At her station she regularly pitches stories about Armenian subjects. She tries to ensure that the story appeals to a broader audience. She is fortunate to work for a station that has embraced her heritage and given her leeway to pursue her interests.

She said, “Being able to showcase Armenian artists, therapists, professors, and filmmakers gives our community a chance to shine. It’s so gratifying. One of my favorite sayings is: ‘The measure of success isn’t what you achieve for yourself. It is what you do for others.’ I hope to do just that and never lose sight of it.”

Araksya has found a balance in understanding the intricacies that come with being a media personality and being able to tell stories that are personally significant to her such as those about the Armenian Cause. “I never want to be told ‘Do less of this,’ so I have to be very mindful in what I do, how I do it, and when I do it.”

Araksya’s thirst for knowledge is matched by her empathy. She observed: “When I’m interviewing people, I’m mindful of the fact that maybe for me, this is just another story, but for them, it’s a moment they get to share something special about their lives.”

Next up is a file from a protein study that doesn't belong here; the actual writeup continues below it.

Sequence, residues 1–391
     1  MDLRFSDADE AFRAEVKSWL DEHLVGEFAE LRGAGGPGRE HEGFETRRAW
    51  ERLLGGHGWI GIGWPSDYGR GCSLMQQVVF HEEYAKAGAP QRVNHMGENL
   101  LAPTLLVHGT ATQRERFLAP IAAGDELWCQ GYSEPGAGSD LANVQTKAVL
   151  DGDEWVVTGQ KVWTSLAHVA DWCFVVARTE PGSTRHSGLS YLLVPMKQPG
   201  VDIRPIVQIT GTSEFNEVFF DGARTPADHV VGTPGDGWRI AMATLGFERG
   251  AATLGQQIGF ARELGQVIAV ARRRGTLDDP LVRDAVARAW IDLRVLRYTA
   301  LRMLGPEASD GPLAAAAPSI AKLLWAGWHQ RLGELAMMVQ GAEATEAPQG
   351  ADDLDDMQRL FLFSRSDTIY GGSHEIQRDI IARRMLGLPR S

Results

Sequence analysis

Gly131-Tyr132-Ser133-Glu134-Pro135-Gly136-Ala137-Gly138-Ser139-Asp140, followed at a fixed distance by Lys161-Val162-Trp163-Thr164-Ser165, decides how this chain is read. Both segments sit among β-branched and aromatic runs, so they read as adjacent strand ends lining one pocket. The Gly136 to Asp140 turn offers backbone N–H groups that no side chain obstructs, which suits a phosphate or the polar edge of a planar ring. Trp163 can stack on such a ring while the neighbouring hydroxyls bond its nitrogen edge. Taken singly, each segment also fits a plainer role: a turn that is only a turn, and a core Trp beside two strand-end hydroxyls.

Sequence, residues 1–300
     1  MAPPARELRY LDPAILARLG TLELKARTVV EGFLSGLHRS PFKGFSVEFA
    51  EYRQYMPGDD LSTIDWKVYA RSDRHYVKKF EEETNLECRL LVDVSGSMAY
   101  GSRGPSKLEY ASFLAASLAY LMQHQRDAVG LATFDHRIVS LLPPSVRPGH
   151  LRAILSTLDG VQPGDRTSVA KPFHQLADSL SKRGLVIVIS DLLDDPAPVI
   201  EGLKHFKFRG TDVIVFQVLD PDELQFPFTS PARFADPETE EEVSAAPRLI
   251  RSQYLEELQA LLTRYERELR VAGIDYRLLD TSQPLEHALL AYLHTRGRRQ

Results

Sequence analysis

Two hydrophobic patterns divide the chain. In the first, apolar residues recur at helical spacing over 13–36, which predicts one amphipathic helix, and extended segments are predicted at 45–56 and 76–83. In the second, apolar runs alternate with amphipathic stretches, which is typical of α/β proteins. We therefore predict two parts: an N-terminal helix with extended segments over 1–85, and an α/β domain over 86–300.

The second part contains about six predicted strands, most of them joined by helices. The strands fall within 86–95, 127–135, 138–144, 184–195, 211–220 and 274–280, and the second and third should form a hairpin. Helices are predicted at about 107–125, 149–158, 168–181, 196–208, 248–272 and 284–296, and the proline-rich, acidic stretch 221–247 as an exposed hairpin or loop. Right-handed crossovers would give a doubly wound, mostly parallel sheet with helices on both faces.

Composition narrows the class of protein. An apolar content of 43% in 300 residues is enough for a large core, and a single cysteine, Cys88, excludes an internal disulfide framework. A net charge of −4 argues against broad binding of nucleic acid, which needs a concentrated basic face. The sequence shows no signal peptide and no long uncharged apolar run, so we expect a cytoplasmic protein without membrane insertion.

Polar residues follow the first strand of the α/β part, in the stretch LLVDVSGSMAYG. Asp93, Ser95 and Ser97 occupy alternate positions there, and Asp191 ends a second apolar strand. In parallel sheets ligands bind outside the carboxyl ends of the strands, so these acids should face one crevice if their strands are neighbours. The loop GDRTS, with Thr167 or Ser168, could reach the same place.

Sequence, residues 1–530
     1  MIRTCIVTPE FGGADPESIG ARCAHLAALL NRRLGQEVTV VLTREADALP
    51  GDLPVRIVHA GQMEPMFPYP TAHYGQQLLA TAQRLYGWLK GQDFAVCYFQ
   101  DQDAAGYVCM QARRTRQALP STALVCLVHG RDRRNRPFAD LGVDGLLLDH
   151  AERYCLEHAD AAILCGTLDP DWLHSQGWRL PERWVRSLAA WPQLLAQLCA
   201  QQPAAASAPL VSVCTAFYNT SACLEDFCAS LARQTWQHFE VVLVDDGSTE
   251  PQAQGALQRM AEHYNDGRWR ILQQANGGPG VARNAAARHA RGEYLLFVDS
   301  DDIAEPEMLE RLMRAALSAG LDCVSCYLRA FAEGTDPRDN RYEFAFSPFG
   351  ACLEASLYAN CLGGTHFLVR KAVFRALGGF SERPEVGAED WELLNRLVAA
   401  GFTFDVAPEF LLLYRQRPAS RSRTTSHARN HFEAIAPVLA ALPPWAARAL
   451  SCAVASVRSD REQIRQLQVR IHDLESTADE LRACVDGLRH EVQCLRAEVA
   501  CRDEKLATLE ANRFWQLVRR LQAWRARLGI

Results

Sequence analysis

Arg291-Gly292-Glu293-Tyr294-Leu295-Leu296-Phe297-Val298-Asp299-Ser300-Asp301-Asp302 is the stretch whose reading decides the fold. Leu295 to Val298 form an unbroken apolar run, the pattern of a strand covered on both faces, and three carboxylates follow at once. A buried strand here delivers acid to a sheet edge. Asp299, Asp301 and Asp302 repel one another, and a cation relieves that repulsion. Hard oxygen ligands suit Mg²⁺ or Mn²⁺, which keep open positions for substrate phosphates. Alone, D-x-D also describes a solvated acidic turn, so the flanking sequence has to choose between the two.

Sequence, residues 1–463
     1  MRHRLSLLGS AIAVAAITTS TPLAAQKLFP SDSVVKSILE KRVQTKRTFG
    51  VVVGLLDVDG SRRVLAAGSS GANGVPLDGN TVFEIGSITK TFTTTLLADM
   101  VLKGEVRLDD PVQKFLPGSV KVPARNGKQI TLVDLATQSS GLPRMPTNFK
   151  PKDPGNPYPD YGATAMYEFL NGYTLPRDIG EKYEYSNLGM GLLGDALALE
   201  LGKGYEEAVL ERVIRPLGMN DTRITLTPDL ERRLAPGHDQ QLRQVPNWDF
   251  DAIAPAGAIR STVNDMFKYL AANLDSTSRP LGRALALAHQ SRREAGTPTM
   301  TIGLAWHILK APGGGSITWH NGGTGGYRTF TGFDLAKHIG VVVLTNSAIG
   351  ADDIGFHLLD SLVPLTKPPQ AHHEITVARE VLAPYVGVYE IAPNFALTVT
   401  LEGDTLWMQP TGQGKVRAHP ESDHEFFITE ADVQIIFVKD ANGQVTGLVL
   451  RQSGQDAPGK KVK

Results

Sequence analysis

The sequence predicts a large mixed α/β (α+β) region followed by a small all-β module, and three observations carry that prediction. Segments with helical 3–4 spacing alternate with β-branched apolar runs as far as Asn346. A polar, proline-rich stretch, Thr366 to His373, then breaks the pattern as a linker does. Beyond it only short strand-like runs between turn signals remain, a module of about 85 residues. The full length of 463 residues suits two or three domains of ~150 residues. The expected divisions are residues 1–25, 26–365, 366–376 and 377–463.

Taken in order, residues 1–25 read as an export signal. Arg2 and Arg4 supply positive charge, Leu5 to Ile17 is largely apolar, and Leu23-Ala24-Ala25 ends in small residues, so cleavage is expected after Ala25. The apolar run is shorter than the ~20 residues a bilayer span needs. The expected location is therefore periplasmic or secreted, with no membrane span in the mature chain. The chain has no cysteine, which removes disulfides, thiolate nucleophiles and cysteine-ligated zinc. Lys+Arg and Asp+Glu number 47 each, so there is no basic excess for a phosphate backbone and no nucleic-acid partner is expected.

Indeed, many of the stories she tells are devastating and this is where her vulnerability comes through. Karapetyan explains that the ones about children hit the hardest. “I wear my emotions on my face… I think that also makes it authentic. People love seeing the real you,” she said. The impact of these stories on her often are so powerful that she needs to stay in her car alone for some time to decompress before going home.

Witnessing such tragedy also allows her to feel immense gratitude for the blessings in her life, starting with her kids. “When I get home, I’m reminded of how much joy there is, that there is beauty in the world, there is innocence,” she exclaimed.